Celebrate God’s world

Guest Columnist

Year of Jubilee, Sabbath can be integrated into daily life

 

God’s idea of celebration looks vastly different from our human idea of celebration.

While mainstream parties are geared towards overindulgence, God’s celebrations are described in Leviticus as being geared towards restoration and reunion.

For example, the year of jubilee begins at the start of every 50th year.

It is an entire 12 months of living with the full intention that comes from knowing God, completely forgiving debts, and giving rest to the land that sustains us.

Because it happens only every 50 years, it is a once in a lifetime event meant to radically reset the habits and customs the Israelites had fallen into.

In the year of jubilee, caring for creation and caring for others was the central focus; the Israelites were to live in steadfast faith that God created the earth to perfectly meet their needs.

Clearly, as modern day Christians, we don’t keep a year of jubilee, and neither did the Israelites; likely because of the complete societal overhaul it would require.

But the concept of the year of jubilee can still be instructive for us and even tell us more about who God is.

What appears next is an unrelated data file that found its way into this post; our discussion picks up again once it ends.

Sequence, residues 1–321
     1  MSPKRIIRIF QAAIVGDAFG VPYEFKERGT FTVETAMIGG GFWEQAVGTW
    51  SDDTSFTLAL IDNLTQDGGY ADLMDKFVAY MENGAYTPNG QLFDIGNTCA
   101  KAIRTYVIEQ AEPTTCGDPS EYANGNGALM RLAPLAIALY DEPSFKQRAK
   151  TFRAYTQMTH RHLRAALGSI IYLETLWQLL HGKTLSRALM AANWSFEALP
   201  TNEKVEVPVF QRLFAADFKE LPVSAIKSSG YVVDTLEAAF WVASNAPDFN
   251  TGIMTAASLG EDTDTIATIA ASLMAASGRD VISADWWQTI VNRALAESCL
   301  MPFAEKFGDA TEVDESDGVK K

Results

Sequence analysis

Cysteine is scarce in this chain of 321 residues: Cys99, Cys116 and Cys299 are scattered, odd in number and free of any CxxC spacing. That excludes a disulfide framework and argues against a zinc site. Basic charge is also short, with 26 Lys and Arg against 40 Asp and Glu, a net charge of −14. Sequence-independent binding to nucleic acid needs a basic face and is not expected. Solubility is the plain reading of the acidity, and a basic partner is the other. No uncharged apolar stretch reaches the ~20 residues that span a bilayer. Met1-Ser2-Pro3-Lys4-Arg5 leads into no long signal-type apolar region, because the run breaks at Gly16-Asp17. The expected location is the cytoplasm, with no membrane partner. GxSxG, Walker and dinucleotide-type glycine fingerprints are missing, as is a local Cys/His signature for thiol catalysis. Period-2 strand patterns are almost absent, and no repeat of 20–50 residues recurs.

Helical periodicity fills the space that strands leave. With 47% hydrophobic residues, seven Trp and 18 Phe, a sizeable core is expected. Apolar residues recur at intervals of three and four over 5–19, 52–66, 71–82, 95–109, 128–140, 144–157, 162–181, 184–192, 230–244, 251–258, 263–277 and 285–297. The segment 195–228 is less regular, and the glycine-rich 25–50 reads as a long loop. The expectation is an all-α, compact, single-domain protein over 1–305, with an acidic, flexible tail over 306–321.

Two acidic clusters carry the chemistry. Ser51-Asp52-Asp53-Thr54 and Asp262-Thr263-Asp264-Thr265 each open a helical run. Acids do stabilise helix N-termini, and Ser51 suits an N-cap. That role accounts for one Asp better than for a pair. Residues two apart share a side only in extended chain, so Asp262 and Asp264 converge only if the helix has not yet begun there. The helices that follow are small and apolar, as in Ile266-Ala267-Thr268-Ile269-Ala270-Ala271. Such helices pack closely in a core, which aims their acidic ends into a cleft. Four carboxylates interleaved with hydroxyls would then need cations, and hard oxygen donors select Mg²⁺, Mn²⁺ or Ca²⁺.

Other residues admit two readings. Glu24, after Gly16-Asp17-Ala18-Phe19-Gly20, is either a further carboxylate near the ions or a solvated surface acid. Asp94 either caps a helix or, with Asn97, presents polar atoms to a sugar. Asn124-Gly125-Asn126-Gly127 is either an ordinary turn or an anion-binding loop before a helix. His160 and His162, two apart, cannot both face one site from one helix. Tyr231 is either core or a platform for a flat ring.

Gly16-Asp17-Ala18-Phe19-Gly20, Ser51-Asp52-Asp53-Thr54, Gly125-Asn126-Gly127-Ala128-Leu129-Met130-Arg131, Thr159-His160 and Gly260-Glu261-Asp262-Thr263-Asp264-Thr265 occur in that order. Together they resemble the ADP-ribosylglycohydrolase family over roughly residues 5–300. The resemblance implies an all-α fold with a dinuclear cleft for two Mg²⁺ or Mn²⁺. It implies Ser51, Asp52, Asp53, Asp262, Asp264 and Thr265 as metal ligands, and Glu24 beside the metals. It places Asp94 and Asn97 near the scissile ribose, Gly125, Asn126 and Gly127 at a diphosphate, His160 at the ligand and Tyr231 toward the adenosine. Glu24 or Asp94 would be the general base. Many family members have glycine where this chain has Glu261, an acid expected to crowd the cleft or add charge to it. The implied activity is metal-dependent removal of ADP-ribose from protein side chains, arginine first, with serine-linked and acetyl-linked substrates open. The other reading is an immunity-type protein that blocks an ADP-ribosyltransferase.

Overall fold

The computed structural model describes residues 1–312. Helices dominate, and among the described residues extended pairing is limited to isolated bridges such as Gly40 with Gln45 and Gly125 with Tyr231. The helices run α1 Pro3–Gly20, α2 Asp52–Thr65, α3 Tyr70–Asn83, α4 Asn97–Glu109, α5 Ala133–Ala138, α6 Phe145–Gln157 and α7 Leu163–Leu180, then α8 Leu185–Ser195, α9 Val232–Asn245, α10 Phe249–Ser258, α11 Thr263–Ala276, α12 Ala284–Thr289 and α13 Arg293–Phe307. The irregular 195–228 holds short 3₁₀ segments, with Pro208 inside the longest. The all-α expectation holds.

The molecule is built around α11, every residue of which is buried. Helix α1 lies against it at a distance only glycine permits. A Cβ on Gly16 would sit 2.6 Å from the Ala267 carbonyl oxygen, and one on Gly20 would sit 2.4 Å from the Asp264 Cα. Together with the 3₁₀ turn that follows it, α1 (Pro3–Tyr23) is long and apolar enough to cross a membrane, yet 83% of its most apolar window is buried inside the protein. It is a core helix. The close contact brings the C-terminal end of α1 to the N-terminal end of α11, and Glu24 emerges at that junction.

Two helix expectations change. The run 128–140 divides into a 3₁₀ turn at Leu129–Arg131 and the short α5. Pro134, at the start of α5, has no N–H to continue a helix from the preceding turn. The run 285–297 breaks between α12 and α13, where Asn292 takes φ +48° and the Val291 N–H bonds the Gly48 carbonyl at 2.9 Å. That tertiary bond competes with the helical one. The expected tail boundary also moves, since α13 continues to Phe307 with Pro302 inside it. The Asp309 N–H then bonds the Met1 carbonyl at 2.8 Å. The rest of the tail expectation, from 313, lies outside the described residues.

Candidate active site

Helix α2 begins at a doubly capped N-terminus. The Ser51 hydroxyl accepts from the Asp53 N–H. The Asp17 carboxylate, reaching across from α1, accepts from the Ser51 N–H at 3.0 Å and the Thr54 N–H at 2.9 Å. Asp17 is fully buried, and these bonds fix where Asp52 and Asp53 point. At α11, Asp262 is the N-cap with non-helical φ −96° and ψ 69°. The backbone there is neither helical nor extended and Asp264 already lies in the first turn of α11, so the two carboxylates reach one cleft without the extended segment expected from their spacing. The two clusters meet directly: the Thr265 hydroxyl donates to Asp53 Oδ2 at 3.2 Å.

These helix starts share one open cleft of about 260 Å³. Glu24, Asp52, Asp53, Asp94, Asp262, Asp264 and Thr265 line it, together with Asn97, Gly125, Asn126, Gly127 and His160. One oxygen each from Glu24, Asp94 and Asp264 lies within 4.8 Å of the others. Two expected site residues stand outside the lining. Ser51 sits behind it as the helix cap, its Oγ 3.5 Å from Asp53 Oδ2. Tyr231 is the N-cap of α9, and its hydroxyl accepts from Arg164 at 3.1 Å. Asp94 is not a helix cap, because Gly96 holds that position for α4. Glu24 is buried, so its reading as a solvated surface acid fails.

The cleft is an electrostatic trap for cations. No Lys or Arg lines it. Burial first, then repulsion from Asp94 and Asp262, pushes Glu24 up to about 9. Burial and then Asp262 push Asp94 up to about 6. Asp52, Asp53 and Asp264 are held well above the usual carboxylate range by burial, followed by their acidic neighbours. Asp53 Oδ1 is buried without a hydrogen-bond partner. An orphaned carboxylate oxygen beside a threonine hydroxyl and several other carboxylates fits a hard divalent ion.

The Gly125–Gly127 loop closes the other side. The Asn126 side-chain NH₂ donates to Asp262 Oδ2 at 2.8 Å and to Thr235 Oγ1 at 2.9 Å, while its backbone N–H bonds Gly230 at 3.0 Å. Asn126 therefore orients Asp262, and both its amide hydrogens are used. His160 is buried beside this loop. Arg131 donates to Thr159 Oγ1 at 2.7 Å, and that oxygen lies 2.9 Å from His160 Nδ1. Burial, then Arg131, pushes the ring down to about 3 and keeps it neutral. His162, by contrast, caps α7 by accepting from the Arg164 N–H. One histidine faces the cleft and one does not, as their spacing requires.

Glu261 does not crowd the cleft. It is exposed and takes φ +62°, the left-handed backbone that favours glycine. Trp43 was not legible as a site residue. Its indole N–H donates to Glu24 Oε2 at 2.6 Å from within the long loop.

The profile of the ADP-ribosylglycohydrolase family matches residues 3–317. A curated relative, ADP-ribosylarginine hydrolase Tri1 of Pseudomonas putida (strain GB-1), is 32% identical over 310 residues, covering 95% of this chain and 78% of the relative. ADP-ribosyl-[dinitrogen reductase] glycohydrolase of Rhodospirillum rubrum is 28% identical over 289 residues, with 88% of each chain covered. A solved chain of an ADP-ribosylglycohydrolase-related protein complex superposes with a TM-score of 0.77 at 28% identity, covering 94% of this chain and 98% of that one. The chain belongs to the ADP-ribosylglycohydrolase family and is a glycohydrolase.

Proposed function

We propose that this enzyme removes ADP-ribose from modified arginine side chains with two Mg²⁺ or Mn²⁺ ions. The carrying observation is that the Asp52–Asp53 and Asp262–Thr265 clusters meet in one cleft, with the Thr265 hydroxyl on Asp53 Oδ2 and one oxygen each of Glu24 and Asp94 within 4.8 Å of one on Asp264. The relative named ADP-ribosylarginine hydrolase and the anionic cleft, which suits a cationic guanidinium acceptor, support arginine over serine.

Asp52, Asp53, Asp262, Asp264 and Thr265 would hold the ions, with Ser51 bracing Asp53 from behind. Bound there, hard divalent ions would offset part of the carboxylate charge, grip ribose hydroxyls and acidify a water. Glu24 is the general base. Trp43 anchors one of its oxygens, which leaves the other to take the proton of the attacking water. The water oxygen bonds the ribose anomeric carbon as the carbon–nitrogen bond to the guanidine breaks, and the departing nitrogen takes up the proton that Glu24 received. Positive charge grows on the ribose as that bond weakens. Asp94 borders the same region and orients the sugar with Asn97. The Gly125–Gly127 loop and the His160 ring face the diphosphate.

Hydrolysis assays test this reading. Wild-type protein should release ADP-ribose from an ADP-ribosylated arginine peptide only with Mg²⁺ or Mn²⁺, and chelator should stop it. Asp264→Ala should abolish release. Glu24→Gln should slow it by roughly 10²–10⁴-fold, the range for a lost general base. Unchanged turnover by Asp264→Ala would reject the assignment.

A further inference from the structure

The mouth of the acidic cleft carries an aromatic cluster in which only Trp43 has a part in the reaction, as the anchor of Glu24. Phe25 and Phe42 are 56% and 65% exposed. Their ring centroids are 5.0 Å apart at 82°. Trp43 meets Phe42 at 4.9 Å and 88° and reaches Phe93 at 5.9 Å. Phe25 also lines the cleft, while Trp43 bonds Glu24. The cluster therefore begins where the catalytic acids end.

Many of us claim that we want to care for others, care for the planet and care for ourselves.

God has given us a way to do this, the Sabbath, a weekly ritual to slow down and remind ourselves of who we are as believers and what we are mandated to do because of our faith. The year of jubilee is merely an extension of this concept.

What would it mean for us if we tried to integrate the Sabbath and the year of jubilee into our modern day lives?

The year of jubilee may have been meant to occur once in a lifetime, but that does not mean there is nothing that we can do to carry the spirit of jubilee with us as we go about our daily lives.

We make choices everyday that may seem insignificant but add up in the long run. Is it possible for us to walk, bike or take public transportation to our destination? Must we buy the produce that is pre-peeled, pre-sliced and comes packaged in plastic that it would not otherwise need?

Is it too big of a hassle to store and use leftovers, or to compost?

We often forget that all of creation belongs to God. All of the things we claim ownership over come from the earth, which ultimately comes from God.

Though God gave us the land to live on, we should not take it for granted and treat it poorly. It is ours only temporarily, to be passed on to the next generations. To treat our inheritors fairly, we should be passing on an earth that is well cared for.

With this in mind, we should be passing on the spirit of jubilee to our earthly successors as well, and teaching them that respecting the earth is an act of Godly celebration.

Even for those who do not own and work land, we need to be mindful of all our possessions and the footprint that they may have.

At what cost to creation, both to the land and other humans, do we have our possessions? How often do we let convenience make our decisions for us?